Thursday 18 August 2011

Like A Neverending Circle, Like A Wheel Within A Wheel

So, physics is cool again [BBC News].  This happens every so often, and as far as I can tell there's a chaotic element to the cycle, but it's generally on the order of decades.  Professor Brian Cox seems to be taking a large amount of the credit and/or blame this time around, and it's partly deserved.  He's clearly passionate about the subject and puts it across very well to a lay audience (although his colleague Jeff Forshaw [YouTube] is the one to look out for if you want relativistic hyperbolic geometry to be fun!)

I don't think physics is cool because Brian Cox is involved though, eloquent as he is.  In fact, I think Brian Cox is fairly famous at the moment because he happened to be there at the right time.  The very beautiful Wonders Of The Solar System, for example, wouldn't have been made if there hadn't been a public enthusiasm for physics in the first place.  Take a look at America, where Carl Sagan's classic series Cosmos is currently being re-made.  I bet America hasn't heard of Brian Cox, let alone D:ream, and yet physics is kicking off there as well.

It's a cyclical thing, and it's always huge.  Take a look at Einstein as a classic example.  He was one of the first modern superstars, a moniker that is remarkable fitting,  truly famous across the globe, and yet most people had very little idea what he'd actually discovered.  A few decades later we had Richard Feynman, then Stephen Hawking.  It seems all you have to do to be a famous physicist is break the mould a little.  Playing a musical instrument aso seems to help;  step forward Dr Brian May PhD, and one of the greatest rock guitarists to have ever lived.  I also maintain, against much opposition, that Wayne Rooney and others like him are great physicists, even if they don't know how they do it.  So they only work with dynamics under 1g and narrowband air resistance?  Well, everybody has to specialise.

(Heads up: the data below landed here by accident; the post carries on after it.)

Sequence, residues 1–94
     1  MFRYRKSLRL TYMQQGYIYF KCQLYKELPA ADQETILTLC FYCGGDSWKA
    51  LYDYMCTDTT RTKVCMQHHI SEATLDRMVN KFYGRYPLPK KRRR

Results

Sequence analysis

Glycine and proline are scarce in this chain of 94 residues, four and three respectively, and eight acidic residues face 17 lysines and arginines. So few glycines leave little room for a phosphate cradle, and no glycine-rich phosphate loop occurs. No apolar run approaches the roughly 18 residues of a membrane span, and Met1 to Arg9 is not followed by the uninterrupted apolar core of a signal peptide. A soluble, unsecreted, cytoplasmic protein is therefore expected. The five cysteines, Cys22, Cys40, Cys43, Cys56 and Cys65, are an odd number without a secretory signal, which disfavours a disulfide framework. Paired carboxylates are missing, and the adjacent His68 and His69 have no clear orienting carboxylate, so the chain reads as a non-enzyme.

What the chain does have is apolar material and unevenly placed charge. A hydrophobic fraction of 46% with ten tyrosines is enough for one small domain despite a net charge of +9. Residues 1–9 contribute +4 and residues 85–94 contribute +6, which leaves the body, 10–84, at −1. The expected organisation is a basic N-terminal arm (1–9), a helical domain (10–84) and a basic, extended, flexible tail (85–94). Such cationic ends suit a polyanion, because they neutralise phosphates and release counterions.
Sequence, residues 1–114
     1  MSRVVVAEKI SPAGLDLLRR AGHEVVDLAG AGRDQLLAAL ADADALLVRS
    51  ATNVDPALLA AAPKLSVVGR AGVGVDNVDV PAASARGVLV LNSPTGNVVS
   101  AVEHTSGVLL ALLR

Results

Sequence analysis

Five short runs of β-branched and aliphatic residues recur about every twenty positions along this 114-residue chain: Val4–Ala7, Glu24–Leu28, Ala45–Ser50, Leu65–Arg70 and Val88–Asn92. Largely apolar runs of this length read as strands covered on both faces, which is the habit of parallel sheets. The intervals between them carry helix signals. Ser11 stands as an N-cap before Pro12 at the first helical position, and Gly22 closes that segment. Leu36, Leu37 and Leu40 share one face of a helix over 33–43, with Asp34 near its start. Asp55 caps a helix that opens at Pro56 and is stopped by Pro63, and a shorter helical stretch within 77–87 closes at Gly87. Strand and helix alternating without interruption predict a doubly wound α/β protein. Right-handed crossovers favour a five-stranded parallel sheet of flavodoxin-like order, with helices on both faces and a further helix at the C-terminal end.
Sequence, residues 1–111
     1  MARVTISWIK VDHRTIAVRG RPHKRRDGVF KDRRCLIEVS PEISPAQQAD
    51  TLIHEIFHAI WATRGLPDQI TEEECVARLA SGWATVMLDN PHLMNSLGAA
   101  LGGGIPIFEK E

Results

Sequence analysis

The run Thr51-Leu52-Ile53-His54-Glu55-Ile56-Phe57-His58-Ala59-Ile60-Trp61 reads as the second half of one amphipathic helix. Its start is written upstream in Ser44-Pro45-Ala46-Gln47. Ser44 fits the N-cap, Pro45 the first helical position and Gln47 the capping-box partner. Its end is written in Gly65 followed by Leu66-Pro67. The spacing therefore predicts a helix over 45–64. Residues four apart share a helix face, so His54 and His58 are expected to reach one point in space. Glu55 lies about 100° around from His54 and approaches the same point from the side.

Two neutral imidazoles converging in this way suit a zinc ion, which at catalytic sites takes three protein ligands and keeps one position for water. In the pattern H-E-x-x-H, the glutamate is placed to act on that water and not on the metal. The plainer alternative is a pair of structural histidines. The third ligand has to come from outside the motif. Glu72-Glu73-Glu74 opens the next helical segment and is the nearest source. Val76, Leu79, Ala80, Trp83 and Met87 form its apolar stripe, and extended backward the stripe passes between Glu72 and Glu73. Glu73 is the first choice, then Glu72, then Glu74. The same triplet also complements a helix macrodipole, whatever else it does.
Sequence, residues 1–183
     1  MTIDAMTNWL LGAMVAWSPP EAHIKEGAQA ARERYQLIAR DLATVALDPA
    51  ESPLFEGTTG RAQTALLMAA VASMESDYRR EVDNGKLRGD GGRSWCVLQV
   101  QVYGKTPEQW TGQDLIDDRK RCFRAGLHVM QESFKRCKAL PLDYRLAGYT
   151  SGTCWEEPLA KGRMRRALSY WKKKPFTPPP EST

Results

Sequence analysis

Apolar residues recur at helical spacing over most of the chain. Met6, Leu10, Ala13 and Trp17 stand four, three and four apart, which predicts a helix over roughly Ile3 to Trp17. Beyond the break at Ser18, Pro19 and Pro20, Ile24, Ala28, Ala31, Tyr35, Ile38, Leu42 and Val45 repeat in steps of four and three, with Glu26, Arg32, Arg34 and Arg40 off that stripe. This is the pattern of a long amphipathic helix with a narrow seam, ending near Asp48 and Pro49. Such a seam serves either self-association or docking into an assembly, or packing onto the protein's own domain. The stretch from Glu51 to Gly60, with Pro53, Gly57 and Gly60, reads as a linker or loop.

There's something deeper to physics-cool than celebrity endorsement and TV documentaries though.  Physics is cool because it makes you look smart.  Everybody seems to have a strange impression that physicists are particularly intelligent, that it's a subject for geniuses.  That's generally quite wrong, it's a remarkably simple subject if you get your head around the rules of the game.  It is exceedingly good at making you look smart though. 

I've lost count of the number of times I've "cleverly" fixed something using what I learned in physics classes at the age of 15.  Problem with the ice machine in the pub?  Well, that's a transformer, I recognise the coils, and it's making that grid of wires hot because electricity does that, and they melt the sheet of ice that comes from there.  But that wire is broken...

Shazzam, free drinks for the night and a reputation as a super-genius thrown in. You get to look like The Doctor and Sherlock thrown into one. Steven Moffat is clearly a physicist at heart.

Physics is cool because it gives you some very solid ground to stand on when you need to build an argument.  You know the basics, you can rule out daft ideas at a stroke and concentrate on what's actually real, in front of you, and how you can use it.  If you are faced with a problem you've never seen before you've got a head start, because you understand the rules the problem has to obey.  Sometimes, just sometimes, you solve a problem by going right back to first principles, and that feels particularly cool.

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